Government Cracks Down on Legal Highs

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Gaibhin McGranaghan, News Editor

New legislation has been passed that seeks to effectively tackle substance abuse of prescription drugs.

 The Psychoactive Substances Act, which follows similar legislative guidelines in Ireland, introduces a blanket ban on the production, distribution, sale and supply of so-called ‘legal highs.’ Offenders could see a two to seven year prison sentence if convicted.

 The new legislation will be applicable to all areas of the UK, significantly empowering police and other law enforcement agencies with the authority to deal with the trade, most notably in terms of the power to enter and search premises.

 Up to 500 new drugs have been criminalised by the government since 2010, but the current system is seen as labour-intensive, as substances have to be individually assessed before they can be outlawed. The problem is further compounded by the fact that suppliers frequently produce newer strains immediately after a previous version has been outlawed, and so the process begins anew.

 Speaking to The Gown, Paul Loughran, VP for Community said “I’ve seen first-hand the devastating effects that psychoactive substances can have on people and how these so called legal high shops tend to sell their products to young and vulnerable people, so I think that introducing legislation aimed at closing down these unregulated shops is a good idea. It’s worth noting that this law doesn’t penalise the drug-user, which is very important in trying to bring about actual change and removing the stigma around drug use. However, overall I think this highlights even more how the government must introduce a complete overhaul of their legislation around drug use, production and supply.”

 Justice Minister David Ford and Health Minister Simon Hamilton have welcomed the Act’s assent, with the former praising it as “…an important milestone in the efforts of the Westminster Government and the Devolved Administrations and represents a significant change in approach to the emergence of these substances” Mr Hamilton echoed that “New Psychoactive Substances have caused significant mental and physical health issues in Northern Ireland…while it will not solve all the issues, I welcome the legislation as it will help to reduce the supply and availability of these substances – especially to our children and young people.”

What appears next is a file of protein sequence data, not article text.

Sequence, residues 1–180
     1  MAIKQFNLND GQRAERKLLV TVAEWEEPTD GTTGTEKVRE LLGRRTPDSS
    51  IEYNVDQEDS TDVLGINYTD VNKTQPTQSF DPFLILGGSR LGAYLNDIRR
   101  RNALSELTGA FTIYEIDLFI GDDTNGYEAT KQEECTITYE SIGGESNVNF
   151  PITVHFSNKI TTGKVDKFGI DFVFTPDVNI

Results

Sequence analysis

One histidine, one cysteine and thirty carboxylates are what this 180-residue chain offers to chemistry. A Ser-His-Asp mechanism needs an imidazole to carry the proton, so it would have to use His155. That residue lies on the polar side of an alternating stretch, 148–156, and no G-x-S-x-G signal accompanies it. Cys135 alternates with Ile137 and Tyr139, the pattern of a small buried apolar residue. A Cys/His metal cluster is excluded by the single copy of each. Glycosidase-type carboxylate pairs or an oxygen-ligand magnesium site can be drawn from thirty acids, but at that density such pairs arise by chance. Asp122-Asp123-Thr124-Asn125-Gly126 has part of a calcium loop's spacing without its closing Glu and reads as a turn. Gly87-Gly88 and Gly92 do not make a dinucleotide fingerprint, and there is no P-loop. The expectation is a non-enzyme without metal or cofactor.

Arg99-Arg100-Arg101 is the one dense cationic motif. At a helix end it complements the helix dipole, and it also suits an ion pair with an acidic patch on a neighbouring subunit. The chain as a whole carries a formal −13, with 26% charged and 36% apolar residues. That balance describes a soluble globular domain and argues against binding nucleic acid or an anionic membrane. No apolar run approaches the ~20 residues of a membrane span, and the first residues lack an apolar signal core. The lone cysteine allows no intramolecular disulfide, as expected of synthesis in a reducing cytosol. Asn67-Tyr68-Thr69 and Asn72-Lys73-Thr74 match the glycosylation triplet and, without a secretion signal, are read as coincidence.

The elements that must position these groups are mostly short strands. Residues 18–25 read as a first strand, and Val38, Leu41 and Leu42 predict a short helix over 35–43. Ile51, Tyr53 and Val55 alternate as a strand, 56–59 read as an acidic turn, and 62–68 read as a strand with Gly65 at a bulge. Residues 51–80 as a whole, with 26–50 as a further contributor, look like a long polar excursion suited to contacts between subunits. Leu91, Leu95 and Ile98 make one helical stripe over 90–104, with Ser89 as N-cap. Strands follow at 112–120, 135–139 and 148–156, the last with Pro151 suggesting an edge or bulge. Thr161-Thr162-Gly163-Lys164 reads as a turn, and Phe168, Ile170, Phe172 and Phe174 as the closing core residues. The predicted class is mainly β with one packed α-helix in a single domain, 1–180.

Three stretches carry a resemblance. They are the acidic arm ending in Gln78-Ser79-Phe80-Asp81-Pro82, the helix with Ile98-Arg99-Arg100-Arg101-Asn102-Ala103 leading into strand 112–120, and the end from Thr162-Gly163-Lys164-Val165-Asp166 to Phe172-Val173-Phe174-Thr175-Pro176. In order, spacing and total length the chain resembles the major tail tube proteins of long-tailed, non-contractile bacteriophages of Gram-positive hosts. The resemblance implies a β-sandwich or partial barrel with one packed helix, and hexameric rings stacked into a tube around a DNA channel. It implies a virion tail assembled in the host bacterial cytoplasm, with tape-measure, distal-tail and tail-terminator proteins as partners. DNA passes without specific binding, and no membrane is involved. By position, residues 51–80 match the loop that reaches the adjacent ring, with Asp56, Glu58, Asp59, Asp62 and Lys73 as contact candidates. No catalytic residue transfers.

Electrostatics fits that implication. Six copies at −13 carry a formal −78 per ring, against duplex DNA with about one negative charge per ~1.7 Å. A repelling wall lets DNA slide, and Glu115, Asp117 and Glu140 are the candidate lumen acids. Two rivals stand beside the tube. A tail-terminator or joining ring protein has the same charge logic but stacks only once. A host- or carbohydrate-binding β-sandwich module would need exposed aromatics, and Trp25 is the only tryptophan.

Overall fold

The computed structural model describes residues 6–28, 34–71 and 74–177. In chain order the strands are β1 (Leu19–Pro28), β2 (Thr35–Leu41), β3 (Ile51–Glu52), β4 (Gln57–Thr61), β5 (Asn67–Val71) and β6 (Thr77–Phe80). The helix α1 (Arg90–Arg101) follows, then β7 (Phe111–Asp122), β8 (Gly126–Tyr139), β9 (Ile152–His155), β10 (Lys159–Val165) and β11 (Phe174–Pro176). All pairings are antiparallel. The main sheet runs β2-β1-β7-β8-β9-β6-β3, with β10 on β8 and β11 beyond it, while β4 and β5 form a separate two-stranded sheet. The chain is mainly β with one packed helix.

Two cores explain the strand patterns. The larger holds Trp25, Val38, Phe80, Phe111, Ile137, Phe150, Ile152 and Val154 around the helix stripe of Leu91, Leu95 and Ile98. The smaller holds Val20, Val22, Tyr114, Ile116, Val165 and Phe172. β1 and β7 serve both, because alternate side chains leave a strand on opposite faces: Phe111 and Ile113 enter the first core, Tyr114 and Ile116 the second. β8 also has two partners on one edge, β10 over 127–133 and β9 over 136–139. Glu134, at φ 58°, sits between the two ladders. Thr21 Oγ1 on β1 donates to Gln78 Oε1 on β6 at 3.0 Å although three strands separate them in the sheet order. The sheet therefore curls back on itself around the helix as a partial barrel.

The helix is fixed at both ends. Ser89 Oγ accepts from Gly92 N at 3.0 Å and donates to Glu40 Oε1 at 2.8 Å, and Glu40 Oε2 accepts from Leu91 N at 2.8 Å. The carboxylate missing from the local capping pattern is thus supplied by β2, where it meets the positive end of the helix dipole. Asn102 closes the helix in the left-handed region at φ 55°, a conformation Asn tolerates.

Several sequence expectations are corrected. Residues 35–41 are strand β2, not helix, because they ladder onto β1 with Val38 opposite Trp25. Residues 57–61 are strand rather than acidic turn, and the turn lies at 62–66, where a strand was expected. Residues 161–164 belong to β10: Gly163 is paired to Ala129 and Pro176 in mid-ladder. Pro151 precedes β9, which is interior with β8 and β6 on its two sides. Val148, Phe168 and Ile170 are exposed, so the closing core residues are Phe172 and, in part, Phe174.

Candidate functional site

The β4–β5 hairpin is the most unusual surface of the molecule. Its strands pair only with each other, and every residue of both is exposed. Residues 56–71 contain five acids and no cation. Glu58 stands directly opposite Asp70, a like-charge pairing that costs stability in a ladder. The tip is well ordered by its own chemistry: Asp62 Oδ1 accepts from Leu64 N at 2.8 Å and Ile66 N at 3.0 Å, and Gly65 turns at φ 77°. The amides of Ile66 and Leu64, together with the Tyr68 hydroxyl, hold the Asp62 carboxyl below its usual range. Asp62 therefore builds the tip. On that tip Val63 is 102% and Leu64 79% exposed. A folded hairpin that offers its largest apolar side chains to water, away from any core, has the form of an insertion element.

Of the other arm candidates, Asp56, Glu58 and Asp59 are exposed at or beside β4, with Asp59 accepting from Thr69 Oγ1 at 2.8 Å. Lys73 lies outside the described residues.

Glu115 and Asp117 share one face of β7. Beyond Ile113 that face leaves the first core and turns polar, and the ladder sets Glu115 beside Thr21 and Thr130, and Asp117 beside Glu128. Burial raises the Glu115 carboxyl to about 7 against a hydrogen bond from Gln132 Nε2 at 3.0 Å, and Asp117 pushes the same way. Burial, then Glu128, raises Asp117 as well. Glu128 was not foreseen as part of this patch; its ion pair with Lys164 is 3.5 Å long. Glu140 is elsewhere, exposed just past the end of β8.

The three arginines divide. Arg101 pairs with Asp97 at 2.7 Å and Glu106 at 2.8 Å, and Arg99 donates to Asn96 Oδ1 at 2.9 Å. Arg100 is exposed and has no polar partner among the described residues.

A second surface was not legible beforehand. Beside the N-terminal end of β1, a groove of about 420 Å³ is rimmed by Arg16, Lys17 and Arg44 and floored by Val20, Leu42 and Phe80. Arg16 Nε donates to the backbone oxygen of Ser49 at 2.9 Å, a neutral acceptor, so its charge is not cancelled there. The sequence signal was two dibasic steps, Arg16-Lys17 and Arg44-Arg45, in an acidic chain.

However, the Act has been criticised from a number of quarters, namely for its perceived impracticability, its vagueness and implications on civil liberties. Ron Hogg, Police and Crime Commissioner of Durham, expressed his concern that the Act could only result in confusion for the officers who are seeking out drug traffickers on the field. The bill apparently makes trading and selling legal highs unlawful, but anyone caught using them for personal, and not commercial use, is not liable for prosecution. The Advisory Council on the Misuse of Drugs (ACMD), whilst praising the home secretary for taking a “proactive” approach to the problem of legal highs, nevertheless has written to Ms May telling her that the Act risks handing out seven-year prison sentences to the sellers of benign or even helpful herbal medicines, criminalising otherwise law-abiding young people and making the “directors” of pubs, clubs and even prisons liable for prosecution.

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